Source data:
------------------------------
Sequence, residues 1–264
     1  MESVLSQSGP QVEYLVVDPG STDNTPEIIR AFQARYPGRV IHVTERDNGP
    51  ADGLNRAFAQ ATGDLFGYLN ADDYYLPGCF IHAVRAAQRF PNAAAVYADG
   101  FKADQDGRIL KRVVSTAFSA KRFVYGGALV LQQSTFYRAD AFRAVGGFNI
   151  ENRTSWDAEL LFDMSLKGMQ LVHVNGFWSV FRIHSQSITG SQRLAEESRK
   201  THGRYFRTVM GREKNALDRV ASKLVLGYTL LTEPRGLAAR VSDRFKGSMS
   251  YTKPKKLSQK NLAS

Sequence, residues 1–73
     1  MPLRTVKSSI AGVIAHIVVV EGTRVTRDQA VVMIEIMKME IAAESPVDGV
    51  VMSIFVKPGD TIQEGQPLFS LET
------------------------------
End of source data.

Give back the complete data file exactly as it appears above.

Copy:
Sequence, residues 1–264
     1  MESVLSQSGP QVEYLVVDPG STDNTPEIIR AFQARYPGRV IHVTERDNGP
    51  ADGLNRAFAQ ATGDLFGYLN ADDYYLPGCF IHAVRAAQRF PNAAAVYADG
   101  FKADQDGRIL KRVVSTAFSA KRFVYGGALV LQQSTFYRAD AFRAVGGFNI
   151  ENRTSWDAEL LFDMSLKGMQ LVHVNGFWSV FRIHSQSITG SQRLAEESRK
   201  THGRYFRTVM GREKNALDRV ASKLVLGYTL LTEPRGLAAR VSDRFKGSMS
   251  YTKPKKLSQK NLAS

Sequence, residues 1–73
     1  MPLRTVKSSI AGVIAHIVVV EGTRVTRDQA VVMIEIMKME IAAESPVDGV
    51  VMSIFVKPGD TIQEGQPLFS LET